Day 2

Head to the Republic of Kugel Mugel, a micronation inside Vienna. There isn’t much except a ball, so, don’t raise hopes.

Kugel Mugel

Then head to weird houses designed by Hundertwasser.

Weird house; weird design

And next door is the Museum of Art Fakes which covers the art forgery in great detail. The museum is small but has an unusually high-quality collection of both samples and anecdotes to learn from.

Museum of Art Fakes

Cryptocurrency trading


There are three major types of financial exchanges

  1. Stocks and bonds
  2. Commodity exchange
  3. Foreign exchange (Forex)

Stock exchanges, where stocks and bonds are traded, are highly regulated and don’t transcend national boundaries. The listed companies have to follow disclosure protocols decided by the government and the exchange. The stocks that are traded on these exchanges are mostly unique to the exchanges. For example, Google is only listed on the American exchange of NASDAQ. So, to buy Google stock, you need to conform to American laws. Also, you can only sell these shares back on NASDAQ and that too only within certain hours of the day. Therefore, these exchanges have some monopoly power.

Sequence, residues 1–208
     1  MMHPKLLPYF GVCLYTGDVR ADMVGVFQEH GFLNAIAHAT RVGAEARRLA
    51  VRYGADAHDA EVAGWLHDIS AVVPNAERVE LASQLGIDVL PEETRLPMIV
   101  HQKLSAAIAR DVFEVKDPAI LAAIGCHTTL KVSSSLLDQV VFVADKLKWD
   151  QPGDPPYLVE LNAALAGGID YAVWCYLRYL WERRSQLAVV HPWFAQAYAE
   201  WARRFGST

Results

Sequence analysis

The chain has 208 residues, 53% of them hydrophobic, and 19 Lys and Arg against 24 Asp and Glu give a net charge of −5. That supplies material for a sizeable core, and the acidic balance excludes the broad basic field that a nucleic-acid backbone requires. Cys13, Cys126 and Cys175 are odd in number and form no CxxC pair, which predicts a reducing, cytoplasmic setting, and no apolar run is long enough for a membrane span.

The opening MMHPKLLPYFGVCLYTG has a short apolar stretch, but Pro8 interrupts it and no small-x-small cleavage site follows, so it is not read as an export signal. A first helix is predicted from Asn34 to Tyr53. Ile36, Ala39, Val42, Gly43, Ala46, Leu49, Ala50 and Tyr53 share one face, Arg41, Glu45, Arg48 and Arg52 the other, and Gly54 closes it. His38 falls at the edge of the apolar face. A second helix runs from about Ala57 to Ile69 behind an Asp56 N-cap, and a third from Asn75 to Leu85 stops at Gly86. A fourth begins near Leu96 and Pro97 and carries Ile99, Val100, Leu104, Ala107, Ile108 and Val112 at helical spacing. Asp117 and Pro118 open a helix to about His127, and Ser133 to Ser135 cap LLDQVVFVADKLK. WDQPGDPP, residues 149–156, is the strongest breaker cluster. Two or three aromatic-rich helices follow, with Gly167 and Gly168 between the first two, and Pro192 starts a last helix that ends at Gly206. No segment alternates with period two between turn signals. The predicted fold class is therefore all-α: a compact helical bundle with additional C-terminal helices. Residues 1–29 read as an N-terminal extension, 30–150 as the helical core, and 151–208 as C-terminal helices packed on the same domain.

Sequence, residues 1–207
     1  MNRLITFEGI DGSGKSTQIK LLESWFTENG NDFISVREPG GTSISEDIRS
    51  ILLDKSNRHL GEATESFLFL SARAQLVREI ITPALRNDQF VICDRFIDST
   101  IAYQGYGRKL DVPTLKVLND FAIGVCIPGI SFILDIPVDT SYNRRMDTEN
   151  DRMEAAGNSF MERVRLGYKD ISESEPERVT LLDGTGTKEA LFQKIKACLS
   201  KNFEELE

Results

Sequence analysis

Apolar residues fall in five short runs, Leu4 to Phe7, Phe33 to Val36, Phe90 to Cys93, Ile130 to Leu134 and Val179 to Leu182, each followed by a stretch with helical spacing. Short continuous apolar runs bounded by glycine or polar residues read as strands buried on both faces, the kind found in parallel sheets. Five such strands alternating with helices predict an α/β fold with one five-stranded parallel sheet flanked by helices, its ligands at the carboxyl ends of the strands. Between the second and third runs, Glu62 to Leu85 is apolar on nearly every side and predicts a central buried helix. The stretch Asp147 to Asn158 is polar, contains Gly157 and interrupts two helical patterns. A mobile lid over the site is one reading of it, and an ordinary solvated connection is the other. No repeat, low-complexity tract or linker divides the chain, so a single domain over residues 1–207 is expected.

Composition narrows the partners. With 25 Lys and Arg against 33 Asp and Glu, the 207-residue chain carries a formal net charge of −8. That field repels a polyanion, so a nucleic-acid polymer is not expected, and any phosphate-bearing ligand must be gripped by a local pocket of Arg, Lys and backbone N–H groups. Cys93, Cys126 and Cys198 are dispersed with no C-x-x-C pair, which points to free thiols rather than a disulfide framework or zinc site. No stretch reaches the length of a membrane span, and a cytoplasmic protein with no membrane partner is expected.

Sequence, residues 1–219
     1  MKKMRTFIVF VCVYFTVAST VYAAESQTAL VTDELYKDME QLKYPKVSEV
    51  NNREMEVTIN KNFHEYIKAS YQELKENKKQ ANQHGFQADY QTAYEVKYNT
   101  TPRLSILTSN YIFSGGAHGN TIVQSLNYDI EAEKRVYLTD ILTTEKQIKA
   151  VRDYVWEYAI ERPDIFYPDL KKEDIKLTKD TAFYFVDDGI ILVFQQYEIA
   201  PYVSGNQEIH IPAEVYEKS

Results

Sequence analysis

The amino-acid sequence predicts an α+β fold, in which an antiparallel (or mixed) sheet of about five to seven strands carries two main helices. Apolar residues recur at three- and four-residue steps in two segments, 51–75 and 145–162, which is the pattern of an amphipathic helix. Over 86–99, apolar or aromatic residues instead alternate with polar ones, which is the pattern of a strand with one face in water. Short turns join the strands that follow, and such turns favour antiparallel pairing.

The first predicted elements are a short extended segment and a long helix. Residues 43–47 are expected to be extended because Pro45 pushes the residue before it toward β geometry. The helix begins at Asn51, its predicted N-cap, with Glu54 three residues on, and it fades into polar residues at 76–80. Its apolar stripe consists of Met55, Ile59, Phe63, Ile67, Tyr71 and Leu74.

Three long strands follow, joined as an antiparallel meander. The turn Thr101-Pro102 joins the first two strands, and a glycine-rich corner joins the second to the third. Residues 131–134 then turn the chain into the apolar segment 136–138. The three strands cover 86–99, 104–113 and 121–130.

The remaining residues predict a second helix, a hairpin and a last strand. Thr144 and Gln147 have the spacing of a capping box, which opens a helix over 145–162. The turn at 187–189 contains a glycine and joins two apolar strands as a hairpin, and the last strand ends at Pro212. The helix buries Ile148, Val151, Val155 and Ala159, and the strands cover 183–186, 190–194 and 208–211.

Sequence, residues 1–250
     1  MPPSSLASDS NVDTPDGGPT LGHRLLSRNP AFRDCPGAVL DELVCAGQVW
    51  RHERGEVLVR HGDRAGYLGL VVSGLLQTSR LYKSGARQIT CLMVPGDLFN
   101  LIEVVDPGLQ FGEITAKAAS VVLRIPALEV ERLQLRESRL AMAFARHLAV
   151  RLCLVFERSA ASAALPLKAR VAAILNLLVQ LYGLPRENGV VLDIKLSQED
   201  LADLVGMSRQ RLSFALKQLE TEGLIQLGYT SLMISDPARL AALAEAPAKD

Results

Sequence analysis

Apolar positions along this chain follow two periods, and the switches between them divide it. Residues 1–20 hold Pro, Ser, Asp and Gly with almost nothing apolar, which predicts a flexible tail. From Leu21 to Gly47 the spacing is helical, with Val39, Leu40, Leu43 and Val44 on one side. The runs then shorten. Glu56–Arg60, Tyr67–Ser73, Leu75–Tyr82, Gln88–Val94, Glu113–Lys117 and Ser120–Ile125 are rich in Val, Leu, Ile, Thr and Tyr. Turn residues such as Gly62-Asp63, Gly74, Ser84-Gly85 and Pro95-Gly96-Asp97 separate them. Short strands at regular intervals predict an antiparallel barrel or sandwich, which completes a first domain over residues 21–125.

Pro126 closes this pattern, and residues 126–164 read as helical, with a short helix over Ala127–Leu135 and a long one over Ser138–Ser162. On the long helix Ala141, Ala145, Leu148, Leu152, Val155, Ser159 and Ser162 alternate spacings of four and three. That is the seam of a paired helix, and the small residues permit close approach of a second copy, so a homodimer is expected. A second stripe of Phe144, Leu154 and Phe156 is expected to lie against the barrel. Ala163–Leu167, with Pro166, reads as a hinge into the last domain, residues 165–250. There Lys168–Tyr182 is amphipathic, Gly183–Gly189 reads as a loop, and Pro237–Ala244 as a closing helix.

However, commodities can be easily resold and delivered on other domestic exchanges and with some effort across national boundaries as well. Therefore, unlike stock exchanges, commodity exchanges do not have a monopoly over what’s being traded on them. The only advantage they can offer to the traders is a marketplace where they can find counterparties to take a position against their trade. Traders don’t have to arbitrate, that is, buy from one market at a lower price and then sell to another at a higher. Just the fact they can do it ensures that prices differences are minimized. Crude oil is the most actively traded commodity in the world and unlike Google stock, a trader can trade in crude oil, practically, in any commodity exchange in the world. Some other commodities could be traded in exchanges specific to a country.